the list and losing such a unit is a big setback for any kingdom.

Heroes don't differ in any way from (another context) something like 
'star destroyer' and its 'tie bombers' setting. So the heroes of the unit 
can be actually a bigger threat than the unit itself.

The heroes anti-unit one-shot attack is considered a ranged weapon so it 
hits in "first phase" of the round.


Battlefields are scenic locations in the outworld which produce resources
to the game in addition to provinces. Battlefield can be in one of four 
stages: 1) at peace, 2) under claim, 3) in battle or 4) in aftermath.

Each battlefield replenishes resources at a rate which is visible using
command 'battlefields'. To get your hands on these resources, you need 
to claim a battlefield.

To claim battlefields, bring your provinces OW units to the battlefield 
with servants onboard. Then, use commands 'disembark' and 'embark' to land
your troops on the battlefield.

When servants of only one faction are present in the battlefield, it is 
considered to be under claim. The claim must be maintained by one alliance for 
the duration of one and a half hours. Once successful, your alliance will
be unlocked the possiblity to 'loot' resources that are replenished to the

When an enemy enters a battlefield with its' own servants and disembarks 
them to the battlefield, a battle ensues between forces that are in the
battlefield. The claim will be nullified and will start over only when the
enemy present is slain.

After a successful claim, the battlefield will enter the aftermath stage,
and it is only during this aftermath when it is possible to use your OW 
unit to 'loot' resources of the battlefield aboard. Like the claim, the 
aftermath stage will last a considerable period of time.

If you claim a battlefield and nobody will come to contest it, you will
get a nominal reward when your claim is successful. But if someone comes
to contest you during your claim, your reward will increase depending
on the size of the battle that ensues.

Each battlefield lives in approximately 20-30 second ticks, also known as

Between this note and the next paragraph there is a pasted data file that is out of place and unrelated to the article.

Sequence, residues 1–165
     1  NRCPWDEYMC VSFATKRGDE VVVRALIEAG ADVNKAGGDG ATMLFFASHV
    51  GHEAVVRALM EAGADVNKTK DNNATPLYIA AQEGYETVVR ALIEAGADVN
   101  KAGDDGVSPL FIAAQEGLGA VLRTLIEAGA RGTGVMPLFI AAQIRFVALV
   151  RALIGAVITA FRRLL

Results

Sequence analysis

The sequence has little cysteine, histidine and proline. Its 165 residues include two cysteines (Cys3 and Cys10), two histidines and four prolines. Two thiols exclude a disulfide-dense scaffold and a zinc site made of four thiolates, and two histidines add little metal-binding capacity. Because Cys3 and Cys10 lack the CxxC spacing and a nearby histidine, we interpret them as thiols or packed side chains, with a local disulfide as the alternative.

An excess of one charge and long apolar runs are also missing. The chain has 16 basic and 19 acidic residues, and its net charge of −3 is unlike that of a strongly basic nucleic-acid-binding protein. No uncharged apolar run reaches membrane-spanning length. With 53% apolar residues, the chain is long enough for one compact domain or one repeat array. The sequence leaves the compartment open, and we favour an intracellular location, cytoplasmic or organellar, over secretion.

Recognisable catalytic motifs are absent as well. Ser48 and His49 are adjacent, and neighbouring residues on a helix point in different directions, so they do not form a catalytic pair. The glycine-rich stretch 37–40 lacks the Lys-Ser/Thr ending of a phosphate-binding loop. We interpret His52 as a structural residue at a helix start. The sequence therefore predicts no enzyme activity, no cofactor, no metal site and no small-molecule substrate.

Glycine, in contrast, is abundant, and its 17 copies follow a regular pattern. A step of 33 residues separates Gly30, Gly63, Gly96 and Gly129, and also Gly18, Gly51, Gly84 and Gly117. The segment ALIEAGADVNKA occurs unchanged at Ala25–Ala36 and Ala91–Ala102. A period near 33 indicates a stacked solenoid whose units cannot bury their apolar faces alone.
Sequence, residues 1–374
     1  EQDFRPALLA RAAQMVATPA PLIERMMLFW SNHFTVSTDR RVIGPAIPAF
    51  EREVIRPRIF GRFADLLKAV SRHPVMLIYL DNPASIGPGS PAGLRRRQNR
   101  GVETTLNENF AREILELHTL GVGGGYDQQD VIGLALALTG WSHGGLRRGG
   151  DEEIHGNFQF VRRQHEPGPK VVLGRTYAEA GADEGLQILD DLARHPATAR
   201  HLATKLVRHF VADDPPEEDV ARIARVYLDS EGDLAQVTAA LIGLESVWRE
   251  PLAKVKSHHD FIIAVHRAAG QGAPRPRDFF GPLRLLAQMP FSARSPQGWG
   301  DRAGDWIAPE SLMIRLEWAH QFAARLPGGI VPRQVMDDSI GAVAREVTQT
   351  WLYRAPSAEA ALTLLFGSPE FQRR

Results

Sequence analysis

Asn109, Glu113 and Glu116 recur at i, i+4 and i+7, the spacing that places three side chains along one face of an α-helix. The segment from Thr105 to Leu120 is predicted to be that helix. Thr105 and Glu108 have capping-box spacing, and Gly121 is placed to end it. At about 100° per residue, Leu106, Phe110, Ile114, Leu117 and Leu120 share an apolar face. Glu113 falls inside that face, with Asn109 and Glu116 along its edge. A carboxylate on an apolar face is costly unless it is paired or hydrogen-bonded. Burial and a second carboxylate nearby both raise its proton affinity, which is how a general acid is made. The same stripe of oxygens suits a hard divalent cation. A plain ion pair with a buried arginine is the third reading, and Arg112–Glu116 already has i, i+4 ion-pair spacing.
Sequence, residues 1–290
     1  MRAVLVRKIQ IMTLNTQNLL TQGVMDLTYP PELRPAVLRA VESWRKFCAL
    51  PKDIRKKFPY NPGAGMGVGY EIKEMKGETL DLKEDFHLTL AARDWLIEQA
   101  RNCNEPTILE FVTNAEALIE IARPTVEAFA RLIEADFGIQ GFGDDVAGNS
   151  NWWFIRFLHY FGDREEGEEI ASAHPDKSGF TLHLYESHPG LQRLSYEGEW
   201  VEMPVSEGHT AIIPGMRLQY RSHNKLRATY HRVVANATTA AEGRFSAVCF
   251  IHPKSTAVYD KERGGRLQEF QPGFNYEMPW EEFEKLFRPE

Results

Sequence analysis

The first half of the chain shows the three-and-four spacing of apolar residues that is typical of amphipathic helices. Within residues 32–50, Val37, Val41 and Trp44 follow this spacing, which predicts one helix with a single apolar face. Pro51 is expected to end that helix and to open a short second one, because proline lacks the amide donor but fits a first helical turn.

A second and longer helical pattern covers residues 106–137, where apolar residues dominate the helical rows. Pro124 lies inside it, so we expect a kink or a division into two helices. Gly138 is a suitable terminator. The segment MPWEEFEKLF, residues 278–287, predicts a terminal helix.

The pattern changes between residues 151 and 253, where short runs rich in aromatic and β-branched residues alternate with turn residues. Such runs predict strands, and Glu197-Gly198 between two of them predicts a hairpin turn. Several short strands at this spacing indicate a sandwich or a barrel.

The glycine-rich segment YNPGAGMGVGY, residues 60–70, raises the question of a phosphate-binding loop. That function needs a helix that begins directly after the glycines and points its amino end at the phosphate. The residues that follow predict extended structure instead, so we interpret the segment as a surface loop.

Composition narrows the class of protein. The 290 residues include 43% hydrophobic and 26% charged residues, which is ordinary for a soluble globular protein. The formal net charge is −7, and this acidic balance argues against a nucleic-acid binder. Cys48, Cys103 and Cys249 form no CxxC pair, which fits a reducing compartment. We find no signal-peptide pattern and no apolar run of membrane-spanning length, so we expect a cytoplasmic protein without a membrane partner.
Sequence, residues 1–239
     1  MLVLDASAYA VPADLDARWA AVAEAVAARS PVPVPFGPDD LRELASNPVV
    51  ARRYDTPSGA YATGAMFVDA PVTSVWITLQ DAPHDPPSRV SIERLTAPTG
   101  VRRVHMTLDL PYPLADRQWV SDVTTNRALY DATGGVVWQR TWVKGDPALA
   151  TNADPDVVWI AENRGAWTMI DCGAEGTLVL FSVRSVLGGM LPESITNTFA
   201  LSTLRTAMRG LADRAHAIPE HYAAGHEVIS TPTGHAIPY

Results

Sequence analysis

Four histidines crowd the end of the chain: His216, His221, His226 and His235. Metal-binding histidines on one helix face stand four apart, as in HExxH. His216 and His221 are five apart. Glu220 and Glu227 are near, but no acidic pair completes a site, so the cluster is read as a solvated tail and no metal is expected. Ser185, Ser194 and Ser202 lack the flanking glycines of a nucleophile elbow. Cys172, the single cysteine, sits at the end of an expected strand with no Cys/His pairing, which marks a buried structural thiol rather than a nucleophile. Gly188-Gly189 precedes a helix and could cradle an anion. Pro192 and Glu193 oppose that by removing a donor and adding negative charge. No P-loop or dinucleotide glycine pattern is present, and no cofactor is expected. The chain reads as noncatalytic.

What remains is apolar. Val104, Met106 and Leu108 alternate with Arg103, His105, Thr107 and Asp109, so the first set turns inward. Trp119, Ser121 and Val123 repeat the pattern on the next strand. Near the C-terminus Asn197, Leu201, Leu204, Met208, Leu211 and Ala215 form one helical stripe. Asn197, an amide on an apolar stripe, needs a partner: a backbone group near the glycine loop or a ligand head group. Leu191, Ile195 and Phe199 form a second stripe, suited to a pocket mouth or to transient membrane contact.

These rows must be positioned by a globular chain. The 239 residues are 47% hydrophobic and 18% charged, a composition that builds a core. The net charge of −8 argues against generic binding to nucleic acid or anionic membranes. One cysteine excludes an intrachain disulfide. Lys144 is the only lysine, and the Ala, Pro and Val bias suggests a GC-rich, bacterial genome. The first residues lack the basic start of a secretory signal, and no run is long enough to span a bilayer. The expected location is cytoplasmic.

battlefield rounds, and it is in accordance to these ticks when new battles 
will start, ongoing battles are continued, battles end. This provides you 
a small window of opportunity to choose whether you will pursue the 
battle, or maybe flee, or bring in more troops, between the ticks.

So for example, when you disembark your troops (=servants) to the 
battlefield, wait for a while. The battlefield will react at the pace of
these ticks.

Unit commands 'unit <unit> do disembark', 'unit <unit> do embark' and
'unit <unit> do loot' are specifically for battlefield use.

Battlefields are completely PvP driven activity, so all players will see
when your claim starts on 'province-event' channel and can come contest
you one way or another. So if you go claiming, better be prepared!

Troops which share the same allied code will fight together. All troops 
with differing allied code will be attacked.

Neutral provices cannot participate in battlefield activity as neutral 
provinces do not have a standing army. So your province must have a 
kingdom before you can participate.

Only military units can claim battlefields.


Province units have two types of weapons: 1) "primary" weapons, which 
are the melee weapons, and 2) ranged weapons, mainly bows, which use 
arrows as ammunition.

Primary weapons can be of level 1 to 10 - ranging from clubs to military 
grade pikes.
Ranged weapons can be of level 1 to 10 - ranging from crude bows to 
enchanted bows with enchanted arrows.

A military unit, depending on its 'spec' can be equipped with 0-10 
primary weapons, and 0-10 ranged weapons. All primary weapons of a unit
must be of same level.

Same applies to ranged weapons - they can of course be different level
than the chosen primary weapons, but all _ranged weapons_ must be of same 
level regardless.

In combat, naturally, ranged weapons hit always before primary weapons.
So enemy can be destroyed before the primary weapons even hit. This means
the enemy unit can sometimes be destroyed before primary weapons are able
to hit well enough.

Each ranged weapon will give the unit 1 special attack during a combat round.
Each primary weapon will give the unit 1 special attack during a combat round.
So in a unit with e.g. 4 ranged weapons, and 2 primary weapons, the unit
will have a total of 6 attacks in one combat round.

Note that each weapon attack has a chance of missing the enemy, which depends 
on various factors that are outside the scope of this help. So if a unit has 
e.g. 4 primary weapons, it can land a hit on enemy 0-4 times, depending on it's 
attack roll (which is hidden). 

Each primary and ranged weapon hit deals two types of damage simultaneously:
1) conventional "hit point" damage and 2) staff (personnel) damage. Some weapons 
are more effective against staff, some cause more hit point damage.

Only provinces OW units are able to cause staff damage to each other. Players